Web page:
My eyes are not what they used to be so painting is more time-consuming than ever. Each piece takes 5 to 10 hours to paint.   Still, each winter I sit down with my magnifying light and my reading glasses and paint the tiny details.  I occasionally check eBay and other online sources for additional village pieces but the price of $2.97 is long gone.  I can expect to pay $10.00 and higher for each piece and the more rare pieces can not be found.  The company that once produced them has been bought out and the Wal-Mart line of plaster pieces has been discontinued.

One of the most difficult pieces to paint!

I no longer decorate for the holidays except to set up the winter village set in a corner of the living room.  I gripe and complain the whole time I’m setting it up.  It is time-consuming to arrange small, cardboard boxes on two tables to get a “town on a hill” effect.  It is no small task to get the fake snow (polyfill batting) just right, then poke a couple of strings of lights through the snow to come up under the houses and stores, lighting them up, and then put foil around the individual lights that I don’t want light to emit from.  By the time I get each piece in place, I still have to set up various trees I have collected over the years.  Fake snow is scattered over the batting to make it sparkle.  I mutter under my breath  as I run the vacuum saying this is the LAST year I’m messing with this village.  FD smiles, puts his arms around me and tells me how beautiful it is.  Pretty soon we are marveling over it and I feel great pride at my work.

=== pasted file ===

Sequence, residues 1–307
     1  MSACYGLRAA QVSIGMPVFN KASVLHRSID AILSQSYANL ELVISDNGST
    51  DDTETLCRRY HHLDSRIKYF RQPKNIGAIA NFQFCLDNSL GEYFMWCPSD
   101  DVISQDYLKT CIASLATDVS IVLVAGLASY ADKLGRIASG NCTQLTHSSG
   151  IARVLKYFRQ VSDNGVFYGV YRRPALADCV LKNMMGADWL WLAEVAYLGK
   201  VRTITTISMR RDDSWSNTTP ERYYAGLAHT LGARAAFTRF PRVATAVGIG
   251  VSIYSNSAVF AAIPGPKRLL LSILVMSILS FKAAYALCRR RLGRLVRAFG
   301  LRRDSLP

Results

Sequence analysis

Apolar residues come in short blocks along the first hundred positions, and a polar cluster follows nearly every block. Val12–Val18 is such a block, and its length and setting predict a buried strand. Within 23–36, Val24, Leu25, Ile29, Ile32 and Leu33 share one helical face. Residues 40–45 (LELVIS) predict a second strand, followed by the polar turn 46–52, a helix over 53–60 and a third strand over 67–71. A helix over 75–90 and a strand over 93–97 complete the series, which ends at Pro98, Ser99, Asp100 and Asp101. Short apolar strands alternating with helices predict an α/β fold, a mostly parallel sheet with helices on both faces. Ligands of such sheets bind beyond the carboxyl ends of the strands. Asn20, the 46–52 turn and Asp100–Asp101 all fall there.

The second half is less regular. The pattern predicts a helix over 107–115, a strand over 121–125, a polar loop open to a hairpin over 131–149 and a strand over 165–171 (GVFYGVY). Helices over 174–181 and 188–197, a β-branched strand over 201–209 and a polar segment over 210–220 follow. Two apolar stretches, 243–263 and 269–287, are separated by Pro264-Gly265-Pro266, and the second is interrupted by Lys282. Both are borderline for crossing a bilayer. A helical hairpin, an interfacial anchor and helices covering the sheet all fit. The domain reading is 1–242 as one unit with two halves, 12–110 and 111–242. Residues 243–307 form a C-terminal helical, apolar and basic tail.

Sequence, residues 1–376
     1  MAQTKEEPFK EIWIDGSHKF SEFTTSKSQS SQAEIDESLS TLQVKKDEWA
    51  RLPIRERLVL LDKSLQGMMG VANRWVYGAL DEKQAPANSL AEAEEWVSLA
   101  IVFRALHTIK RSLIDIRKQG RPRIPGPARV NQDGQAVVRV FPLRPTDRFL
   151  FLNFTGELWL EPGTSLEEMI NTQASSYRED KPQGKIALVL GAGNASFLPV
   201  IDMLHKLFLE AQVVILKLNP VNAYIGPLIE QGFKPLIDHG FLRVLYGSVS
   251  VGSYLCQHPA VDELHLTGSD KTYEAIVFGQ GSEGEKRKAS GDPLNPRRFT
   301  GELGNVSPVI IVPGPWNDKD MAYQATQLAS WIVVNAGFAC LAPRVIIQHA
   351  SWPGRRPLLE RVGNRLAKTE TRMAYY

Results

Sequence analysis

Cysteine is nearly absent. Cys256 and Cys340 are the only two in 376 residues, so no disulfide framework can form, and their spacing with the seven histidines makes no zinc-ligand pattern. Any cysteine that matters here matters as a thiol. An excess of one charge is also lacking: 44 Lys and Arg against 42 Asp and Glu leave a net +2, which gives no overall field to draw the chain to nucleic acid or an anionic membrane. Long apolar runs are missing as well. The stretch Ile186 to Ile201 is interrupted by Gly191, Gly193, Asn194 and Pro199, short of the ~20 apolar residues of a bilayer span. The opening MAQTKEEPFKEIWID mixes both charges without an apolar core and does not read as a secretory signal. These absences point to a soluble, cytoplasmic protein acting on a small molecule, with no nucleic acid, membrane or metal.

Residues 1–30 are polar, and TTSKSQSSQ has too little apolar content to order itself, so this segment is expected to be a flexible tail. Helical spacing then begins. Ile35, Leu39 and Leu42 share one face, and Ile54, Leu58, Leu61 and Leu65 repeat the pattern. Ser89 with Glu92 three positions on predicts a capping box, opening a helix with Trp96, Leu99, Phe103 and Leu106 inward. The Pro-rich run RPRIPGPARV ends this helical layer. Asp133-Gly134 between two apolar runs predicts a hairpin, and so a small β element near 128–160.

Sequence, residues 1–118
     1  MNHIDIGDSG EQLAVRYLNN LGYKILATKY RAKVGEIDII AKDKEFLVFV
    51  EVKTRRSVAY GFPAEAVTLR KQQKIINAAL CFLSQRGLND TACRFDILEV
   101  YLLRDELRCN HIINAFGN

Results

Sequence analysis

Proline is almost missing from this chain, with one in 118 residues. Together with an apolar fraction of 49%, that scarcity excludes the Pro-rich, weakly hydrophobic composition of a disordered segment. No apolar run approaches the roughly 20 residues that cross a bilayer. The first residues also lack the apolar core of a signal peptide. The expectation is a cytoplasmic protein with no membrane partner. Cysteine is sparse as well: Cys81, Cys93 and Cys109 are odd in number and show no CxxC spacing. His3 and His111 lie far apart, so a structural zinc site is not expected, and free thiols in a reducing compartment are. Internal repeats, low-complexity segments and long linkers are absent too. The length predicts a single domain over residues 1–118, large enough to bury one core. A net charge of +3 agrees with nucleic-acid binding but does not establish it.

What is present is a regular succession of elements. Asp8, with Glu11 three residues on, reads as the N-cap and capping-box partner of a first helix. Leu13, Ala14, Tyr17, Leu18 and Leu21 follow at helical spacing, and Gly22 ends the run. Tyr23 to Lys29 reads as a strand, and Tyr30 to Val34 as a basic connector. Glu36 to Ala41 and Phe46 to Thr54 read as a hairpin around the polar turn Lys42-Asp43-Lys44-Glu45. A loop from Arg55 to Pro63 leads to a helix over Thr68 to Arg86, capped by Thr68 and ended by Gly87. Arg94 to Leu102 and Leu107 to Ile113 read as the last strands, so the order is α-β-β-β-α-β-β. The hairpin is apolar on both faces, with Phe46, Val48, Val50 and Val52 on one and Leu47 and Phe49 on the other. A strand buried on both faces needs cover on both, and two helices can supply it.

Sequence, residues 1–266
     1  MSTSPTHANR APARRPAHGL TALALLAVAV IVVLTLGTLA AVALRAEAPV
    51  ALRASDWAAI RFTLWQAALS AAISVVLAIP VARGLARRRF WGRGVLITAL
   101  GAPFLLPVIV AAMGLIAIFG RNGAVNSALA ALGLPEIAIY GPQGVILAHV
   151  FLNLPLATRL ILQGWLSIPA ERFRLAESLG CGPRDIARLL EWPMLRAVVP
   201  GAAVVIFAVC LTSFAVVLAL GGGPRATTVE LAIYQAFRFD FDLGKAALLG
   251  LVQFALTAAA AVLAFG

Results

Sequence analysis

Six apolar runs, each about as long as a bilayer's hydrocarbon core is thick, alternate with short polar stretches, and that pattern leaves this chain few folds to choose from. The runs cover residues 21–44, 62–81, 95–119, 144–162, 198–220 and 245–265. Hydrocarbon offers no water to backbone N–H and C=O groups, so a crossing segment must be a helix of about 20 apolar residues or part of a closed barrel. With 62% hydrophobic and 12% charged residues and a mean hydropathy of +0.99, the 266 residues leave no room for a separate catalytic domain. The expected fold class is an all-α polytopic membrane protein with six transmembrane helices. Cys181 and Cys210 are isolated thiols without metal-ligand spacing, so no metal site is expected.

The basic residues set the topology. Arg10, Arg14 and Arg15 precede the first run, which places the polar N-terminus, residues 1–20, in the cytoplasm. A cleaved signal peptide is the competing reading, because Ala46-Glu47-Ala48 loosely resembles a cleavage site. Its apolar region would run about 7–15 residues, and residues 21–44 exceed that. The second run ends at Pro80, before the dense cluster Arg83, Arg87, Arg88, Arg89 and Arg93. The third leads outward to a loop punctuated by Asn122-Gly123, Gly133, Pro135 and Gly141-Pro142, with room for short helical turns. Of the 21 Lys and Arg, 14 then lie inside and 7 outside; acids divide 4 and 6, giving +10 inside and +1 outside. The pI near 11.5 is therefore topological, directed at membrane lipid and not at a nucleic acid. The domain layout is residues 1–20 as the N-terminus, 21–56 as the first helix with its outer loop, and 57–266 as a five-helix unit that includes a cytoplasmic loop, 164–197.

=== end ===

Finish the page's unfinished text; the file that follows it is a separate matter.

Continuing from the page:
Looks like I have some out-of-control snow drifting!

At night when the house is dark, except in the corner of the living room, a fancy hand-painted village set comes to life for another holiday season.  I remember, with thankfulness, the desire and inspiration instilled by my Mom and my Grandma’s, to be creative,  and to have busy hands… bringing charm and delight to this enchanting season.

© Day by Day the Farm Girl Way…


13 thoughts on “Wintertime Hobbies…

  1. Your hand-painted Christmas village is delightful! I enjoyed your post as well and now you have a village to bring back nice memories of your grandmother. Thanks for sharing your story and your lovely village.